A former officer of a Cigna contractor claims the insurer hatched a scheme to submit invalid diagnostic codes and filed the now-unsealed qui tam action in 2017
In a case that could provide a cautionary tale for clinical laboratories, a federal whistleblower lawsuit alleges that Cigna, through its HealthSpring subsidiary, “received billions in overpayments from the federal government” in a scheme involving the insurer’s Medicare Advantage plans. The Qui tam (whistleblower) lawsuit was filed by Robert A. Cutler, a former officer of Cigna contractor Texas Health Management LLC (THM), under the federal False Claims Act.
Cutler alleged that “Cigna-HealthSpring has knowingly defrauded the United States through an intentional and systematic pattern and practice of submitting to CMS invalid diagnosis codes derived from in-home health assessments.” He claimed this took place “from at least 2012 until at least 2017,” and likely thereafter.
Cigna has denied the allegations. “We are proud of our industry-leading Medicare Advantage program and the manner in which we conduct our business,” the insurer stated in an email to HealthPayerIntelligence. “We will vigorously defend Cigna against all unjustified allegations,” Cigna stated.
As the lawsuit explains, Medicare Advantage (MA) plans are administered by private insurers under Medicare Part C. “Rather than pay providers directly based on the medical services provided, Medicare Part C pays MA Organizations a monthly capitated rate for each covered beneficiary, and tasks the MA Plan with paying providers for services rendered to plan members,” the lawsuit states. “MA insurers are generally paid more for providing benefits to beneficiaries with higher-risk scores—generally older and sicker people—and less for beneficiaries with lower-risk scores, who tend to be younger and healthier.”
The lawsuit notes that CMS relies on information—specifically ICD codes—from the insurers to calculate the risk scores.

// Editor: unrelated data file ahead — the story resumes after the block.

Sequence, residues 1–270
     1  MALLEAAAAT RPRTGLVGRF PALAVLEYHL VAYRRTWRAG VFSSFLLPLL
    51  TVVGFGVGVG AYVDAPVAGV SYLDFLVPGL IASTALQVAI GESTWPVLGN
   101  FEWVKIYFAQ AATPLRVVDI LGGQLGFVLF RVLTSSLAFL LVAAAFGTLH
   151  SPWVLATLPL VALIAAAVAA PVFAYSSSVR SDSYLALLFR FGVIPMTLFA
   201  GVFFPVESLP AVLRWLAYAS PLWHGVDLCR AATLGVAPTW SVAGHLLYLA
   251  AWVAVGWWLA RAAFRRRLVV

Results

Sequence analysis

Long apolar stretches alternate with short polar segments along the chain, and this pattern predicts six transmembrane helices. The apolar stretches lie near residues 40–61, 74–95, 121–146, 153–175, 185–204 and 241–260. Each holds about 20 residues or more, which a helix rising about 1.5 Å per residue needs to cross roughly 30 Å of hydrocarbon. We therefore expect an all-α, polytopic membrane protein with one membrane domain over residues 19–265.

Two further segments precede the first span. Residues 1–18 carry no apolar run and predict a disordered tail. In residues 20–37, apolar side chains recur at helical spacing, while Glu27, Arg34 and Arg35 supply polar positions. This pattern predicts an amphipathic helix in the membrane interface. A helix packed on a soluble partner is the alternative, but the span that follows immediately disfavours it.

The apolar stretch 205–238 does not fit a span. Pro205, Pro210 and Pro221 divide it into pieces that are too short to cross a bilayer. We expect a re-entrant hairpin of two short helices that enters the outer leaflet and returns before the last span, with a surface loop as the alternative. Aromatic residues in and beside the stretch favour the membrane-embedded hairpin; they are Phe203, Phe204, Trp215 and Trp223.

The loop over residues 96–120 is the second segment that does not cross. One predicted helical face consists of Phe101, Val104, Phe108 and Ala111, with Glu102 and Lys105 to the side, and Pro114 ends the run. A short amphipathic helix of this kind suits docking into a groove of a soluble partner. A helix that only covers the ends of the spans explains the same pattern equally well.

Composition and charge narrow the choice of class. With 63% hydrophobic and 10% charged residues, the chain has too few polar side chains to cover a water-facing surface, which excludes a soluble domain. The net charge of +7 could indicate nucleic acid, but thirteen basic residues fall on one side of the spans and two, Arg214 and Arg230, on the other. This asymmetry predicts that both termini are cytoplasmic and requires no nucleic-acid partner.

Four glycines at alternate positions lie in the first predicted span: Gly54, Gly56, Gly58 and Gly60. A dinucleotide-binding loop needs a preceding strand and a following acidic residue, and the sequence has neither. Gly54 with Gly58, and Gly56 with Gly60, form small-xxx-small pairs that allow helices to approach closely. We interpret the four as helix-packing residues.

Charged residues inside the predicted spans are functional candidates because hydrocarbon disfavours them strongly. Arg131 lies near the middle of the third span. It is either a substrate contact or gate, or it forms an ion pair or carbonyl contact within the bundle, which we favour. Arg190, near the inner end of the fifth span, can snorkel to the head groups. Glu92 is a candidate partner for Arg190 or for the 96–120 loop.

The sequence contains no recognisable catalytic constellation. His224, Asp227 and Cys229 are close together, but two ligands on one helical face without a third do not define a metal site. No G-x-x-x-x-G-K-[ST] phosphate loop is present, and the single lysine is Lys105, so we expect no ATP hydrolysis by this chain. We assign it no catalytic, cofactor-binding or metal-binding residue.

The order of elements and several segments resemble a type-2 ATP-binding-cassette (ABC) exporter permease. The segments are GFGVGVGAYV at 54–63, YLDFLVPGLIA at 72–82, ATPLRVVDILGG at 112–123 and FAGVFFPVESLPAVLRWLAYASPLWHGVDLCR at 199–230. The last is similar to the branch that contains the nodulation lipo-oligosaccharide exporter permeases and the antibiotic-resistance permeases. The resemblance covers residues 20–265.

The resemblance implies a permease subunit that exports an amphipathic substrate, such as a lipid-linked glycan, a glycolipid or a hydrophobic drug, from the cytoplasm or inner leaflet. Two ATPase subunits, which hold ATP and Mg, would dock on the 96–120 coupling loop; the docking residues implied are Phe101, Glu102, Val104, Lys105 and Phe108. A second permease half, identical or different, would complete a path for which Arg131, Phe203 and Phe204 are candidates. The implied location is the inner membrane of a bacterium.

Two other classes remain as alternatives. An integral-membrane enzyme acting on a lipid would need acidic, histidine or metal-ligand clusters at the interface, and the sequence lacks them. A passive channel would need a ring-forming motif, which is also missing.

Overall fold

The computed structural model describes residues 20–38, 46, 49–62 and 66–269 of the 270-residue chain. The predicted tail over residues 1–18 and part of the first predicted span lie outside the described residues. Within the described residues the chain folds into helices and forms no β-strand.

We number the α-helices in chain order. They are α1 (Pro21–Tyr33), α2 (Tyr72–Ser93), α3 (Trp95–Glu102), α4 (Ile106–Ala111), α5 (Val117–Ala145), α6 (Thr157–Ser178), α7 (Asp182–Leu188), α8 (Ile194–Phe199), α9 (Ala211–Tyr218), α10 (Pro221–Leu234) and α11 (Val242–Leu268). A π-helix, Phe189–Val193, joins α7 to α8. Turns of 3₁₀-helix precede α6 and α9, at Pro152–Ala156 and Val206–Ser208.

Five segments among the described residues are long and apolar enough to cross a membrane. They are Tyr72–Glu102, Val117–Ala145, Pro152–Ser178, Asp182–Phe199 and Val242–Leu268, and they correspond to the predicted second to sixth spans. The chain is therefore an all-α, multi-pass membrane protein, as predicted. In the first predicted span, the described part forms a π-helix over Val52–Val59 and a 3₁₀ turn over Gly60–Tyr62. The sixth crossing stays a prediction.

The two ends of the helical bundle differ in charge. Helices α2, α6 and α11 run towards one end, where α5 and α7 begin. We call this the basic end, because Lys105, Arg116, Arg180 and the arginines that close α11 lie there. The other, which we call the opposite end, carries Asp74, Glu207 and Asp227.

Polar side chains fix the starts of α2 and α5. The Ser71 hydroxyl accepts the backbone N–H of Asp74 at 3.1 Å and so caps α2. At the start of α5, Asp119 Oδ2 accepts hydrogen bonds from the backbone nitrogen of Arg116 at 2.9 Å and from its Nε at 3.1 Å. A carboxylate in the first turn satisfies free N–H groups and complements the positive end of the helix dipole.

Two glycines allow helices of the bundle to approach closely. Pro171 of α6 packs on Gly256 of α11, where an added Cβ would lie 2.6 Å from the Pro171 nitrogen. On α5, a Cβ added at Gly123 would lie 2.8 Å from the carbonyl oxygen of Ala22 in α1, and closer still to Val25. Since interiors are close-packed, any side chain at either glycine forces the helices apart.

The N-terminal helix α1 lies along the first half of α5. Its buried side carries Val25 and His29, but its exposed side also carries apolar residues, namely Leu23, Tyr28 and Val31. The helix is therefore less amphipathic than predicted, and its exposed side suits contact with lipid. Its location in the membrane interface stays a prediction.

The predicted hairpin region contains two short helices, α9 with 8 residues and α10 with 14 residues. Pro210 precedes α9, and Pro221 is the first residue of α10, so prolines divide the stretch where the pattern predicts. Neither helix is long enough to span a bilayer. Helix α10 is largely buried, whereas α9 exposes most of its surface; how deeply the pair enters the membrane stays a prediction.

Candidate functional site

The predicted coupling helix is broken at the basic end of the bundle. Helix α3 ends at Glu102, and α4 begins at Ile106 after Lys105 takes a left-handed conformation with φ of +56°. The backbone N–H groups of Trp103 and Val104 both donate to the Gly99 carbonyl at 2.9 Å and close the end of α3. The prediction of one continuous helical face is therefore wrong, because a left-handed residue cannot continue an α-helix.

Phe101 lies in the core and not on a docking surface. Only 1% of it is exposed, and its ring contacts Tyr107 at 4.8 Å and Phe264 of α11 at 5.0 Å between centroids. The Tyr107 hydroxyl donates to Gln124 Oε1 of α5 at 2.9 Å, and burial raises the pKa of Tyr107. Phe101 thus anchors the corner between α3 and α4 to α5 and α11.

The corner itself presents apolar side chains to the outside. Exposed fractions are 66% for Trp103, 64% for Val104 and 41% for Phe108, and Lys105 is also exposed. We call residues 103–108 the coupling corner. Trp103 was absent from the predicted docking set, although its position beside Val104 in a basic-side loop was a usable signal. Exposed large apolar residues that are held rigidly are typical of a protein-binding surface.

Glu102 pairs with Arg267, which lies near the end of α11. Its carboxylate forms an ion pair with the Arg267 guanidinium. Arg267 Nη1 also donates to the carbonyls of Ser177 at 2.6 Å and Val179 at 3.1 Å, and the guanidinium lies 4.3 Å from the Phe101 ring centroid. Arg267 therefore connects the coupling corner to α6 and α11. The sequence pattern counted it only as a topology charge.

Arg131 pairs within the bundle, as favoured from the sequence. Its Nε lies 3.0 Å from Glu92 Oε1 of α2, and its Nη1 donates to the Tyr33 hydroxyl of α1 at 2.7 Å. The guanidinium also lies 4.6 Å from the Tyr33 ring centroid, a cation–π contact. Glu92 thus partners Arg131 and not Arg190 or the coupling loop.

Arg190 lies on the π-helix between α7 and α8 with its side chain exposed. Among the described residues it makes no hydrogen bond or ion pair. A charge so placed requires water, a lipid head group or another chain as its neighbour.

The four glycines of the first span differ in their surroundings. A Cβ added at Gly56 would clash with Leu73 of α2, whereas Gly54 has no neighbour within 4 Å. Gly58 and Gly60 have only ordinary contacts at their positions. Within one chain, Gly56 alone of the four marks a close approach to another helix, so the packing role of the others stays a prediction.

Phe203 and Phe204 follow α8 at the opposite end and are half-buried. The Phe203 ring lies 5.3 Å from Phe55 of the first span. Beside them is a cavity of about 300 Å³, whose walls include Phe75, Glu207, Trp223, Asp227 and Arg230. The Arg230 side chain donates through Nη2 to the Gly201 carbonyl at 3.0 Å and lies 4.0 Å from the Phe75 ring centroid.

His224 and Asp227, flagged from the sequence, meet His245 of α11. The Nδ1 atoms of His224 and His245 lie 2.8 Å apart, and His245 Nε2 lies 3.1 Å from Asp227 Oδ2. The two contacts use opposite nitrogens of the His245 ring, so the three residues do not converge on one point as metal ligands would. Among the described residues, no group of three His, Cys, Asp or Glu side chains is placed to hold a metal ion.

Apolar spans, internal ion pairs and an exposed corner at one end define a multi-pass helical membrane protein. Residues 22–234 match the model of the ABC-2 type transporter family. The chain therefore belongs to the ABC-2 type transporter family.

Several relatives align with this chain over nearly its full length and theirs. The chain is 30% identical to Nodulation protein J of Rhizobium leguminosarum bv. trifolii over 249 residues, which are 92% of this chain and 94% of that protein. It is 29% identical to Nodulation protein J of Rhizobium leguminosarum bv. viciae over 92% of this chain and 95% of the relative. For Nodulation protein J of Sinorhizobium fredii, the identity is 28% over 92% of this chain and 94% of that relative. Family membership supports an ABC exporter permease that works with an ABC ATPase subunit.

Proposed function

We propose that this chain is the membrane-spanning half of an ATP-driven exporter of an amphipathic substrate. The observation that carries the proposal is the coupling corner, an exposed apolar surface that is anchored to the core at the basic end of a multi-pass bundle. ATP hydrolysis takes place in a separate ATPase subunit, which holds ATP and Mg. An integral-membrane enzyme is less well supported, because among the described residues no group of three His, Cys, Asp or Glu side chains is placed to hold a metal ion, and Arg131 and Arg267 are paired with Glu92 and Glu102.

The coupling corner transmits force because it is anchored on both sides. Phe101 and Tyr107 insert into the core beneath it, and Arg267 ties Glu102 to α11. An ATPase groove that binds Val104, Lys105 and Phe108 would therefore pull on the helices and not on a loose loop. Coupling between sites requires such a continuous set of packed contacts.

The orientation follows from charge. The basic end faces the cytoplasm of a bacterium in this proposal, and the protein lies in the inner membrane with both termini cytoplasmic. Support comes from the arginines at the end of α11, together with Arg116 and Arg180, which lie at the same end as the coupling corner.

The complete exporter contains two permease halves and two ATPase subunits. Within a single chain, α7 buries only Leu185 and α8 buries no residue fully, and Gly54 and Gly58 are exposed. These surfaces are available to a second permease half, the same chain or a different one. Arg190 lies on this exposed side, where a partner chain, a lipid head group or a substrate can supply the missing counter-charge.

Cigna’s 360 Program as Described in Lawsuit
Cutler alleged that Cigna defrauded CMS through its “360 Program,” in which primary care providers (PCPs) were encouraged to perform enhanced annual wellness visits that included routine physical exams. He claimed that “Cigna-HealthSpring designed the program so that, in practice, the 360 assessment was a mere data-gathering exercise used to improperly record lucrative diagnoses to fraudulently raise risk scores and increase payments from CMS.”
Cigna-HealthSpring, he alleged in the court documents, offered PCPs financial bonuses to perform the 360 program exams, especially on patients deemed most likely to yield high-risk scores. However, many clinicians declined, so the insurer recruited third-party contract providers, including THM, to send nurse practitioners (NPs) or registered nurses (RNs) to the homes of MA plan members.
For each visit, the NPs and RNs were given health reports listing the beneficiary’s previous diagnoses. “Cigna-HealthSpring intended the document to serve as a ‘cheat-sheet’ list of conditions and diagnoses it expected 360 contractors to capture during the in-home visit,” Cutler alleges. “The list of diagnoses did not indicate the date they were reported or any other information concerning their status.”